East Nashville as Williamsburg of The South has always been a concerning ascription, but every once and awhile, it’s somewhat on point. Granted, East Nashville is East Nashville, though spiritually, it does feature some slight pastiche to Williamsburg. The most positive connotation of the popular city-to-city correlation was on full display at Shilpa Ray’s most recent Nashville stop.
Williamsburg, Brooklyn’s hipster haven has long been the mainstay of post-millennial counter-culture (at least from an outsider’s perspective) and has ultimately been superseded by the microcosms of Bed-Stuy, Astoria, and Greenpoint, but nevertheless, all of the new royals of hipster-dom must still pay homage to Williamsburg, and it’s homage is paid in spades (just look at rent prices).
And so, with Nashville’s past decade of A-list-secondary-market-riding-on-the-back-of Americana-and-country-as-well-as-reasonable-rent-prices-ascension resembling that of Brooklyn’s garage rock version, specifically in East Nashville, Shilpa Ray’s stop at The Cobra on Gallatin made for an oddly “hometown” feel. Imagine any Infinity Cat show pre-2013, but increase the crowd’s collective age (and energy) by 10+ years (i.e.- no moshing during Shilpa Ray’s set). That was the vibe.
More or less, Ray and her band are an ace in the hole, as Shilpa’s unassuming stage set up of a squeezebox accordion and Nord keyboard would lead less informed attendees to presume the set would be ballad heavy. But that would be far from the case (as you probably would have guessed). Ray’s songs are barbed and fully formed, both in sound and sentiment. Songs like “EMT Police and the Fire Department” sound like a traveling caravan making way down from New York City to preach the wariness of New York living. Something to know and to aspire to.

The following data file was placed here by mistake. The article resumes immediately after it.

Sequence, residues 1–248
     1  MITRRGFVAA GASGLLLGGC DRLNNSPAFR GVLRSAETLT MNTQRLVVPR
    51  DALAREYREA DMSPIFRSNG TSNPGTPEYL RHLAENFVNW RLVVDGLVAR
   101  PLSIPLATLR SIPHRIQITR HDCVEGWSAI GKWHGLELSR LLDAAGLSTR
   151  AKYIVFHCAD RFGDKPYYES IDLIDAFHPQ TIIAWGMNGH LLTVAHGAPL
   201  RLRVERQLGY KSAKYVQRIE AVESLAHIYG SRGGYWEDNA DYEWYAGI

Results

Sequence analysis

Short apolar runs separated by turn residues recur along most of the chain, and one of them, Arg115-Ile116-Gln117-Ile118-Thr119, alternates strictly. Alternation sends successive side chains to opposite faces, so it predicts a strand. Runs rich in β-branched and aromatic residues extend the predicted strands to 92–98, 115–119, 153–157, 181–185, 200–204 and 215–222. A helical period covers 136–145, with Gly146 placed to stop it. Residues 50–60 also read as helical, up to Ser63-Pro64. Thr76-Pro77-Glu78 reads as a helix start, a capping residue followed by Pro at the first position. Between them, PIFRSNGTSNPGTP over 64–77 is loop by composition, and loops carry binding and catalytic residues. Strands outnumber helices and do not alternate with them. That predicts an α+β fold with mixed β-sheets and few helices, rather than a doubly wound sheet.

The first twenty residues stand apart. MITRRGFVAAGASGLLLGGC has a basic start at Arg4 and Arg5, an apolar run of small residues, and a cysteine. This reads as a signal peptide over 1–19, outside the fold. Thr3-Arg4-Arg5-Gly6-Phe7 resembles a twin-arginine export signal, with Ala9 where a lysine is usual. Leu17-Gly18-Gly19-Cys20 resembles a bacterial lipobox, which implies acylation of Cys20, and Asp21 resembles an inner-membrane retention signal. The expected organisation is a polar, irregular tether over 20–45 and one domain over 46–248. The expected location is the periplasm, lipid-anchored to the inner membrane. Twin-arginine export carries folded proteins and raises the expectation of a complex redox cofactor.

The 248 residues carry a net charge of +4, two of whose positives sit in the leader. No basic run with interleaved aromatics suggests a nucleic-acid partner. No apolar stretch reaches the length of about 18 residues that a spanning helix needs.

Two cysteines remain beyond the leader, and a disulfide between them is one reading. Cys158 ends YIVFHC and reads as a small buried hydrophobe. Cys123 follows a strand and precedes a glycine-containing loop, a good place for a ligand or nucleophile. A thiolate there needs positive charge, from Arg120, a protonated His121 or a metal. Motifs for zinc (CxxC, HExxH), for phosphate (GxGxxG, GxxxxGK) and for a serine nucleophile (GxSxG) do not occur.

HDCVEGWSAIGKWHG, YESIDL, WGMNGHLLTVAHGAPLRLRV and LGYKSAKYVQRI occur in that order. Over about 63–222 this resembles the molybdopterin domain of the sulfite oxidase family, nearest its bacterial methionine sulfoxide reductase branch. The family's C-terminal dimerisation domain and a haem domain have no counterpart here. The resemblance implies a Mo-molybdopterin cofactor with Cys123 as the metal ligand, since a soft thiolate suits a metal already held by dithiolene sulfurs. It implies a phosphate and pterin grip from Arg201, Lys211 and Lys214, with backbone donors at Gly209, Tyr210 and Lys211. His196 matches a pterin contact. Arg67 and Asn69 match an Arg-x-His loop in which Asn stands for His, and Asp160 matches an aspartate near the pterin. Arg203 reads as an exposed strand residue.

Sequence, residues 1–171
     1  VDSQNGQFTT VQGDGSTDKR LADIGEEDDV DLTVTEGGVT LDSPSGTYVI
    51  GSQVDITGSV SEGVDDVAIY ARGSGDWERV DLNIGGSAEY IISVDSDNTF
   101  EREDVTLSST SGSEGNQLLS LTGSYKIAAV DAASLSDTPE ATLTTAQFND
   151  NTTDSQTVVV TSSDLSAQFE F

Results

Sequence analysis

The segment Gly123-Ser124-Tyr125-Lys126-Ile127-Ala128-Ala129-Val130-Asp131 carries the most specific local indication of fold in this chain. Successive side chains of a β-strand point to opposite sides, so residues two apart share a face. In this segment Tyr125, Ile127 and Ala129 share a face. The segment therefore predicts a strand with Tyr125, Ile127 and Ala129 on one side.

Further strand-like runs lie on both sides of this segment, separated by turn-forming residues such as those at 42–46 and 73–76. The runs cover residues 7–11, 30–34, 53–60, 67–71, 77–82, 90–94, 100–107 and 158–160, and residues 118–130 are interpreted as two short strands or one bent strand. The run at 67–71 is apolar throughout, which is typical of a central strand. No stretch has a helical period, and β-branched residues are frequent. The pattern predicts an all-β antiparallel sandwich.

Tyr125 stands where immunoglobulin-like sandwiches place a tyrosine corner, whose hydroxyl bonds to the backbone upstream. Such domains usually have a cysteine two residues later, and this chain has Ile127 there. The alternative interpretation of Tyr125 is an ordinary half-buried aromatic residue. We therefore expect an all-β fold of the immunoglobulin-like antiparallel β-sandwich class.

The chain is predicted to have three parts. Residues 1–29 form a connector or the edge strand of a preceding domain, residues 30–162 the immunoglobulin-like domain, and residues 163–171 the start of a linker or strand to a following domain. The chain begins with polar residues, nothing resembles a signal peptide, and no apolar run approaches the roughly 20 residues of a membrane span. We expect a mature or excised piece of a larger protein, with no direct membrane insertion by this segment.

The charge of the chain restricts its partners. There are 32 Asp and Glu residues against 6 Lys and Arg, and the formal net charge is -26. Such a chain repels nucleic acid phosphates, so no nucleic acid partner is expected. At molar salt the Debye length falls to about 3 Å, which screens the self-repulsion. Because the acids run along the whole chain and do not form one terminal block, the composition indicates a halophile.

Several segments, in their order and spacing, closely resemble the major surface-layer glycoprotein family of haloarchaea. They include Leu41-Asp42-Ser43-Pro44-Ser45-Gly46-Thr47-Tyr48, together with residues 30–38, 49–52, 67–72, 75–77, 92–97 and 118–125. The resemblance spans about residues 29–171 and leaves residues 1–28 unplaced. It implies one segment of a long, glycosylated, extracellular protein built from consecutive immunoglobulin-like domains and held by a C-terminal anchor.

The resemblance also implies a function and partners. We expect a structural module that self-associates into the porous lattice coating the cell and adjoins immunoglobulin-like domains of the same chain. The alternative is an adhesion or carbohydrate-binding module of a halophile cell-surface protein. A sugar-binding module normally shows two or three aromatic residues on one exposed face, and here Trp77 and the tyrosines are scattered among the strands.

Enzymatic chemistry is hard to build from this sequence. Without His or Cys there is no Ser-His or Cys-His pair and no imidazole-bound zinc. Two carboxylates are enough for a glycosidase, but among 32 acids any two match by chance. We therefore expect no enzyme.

There is no wavering on what Shilpa Ray’s stances are on any myriad of issues, or how she feels with regard to certain realities. Look no further than her “Fuck You President Trump” shirt for confirmation. With that in mind, the countercultural elements of Shilpa Ray’s New Jersey upbringing and New York residency, combined with her unwavering sensibilities, exist in their most fulfilled and transitive modes in a place like the East Side of Nashville, at The Cobra, on a Tuesday night, with Cale Tyson, Aaron Lee Tasjan, and many more watching admirably in the crowd.
All in all, the set was one of the best at The Cobra this year, and you’d certainly be in for a treat seeing Shilpa Ray at any venue on her tour, but there’s something about seeing her over on the East Side that feels more right than most other places.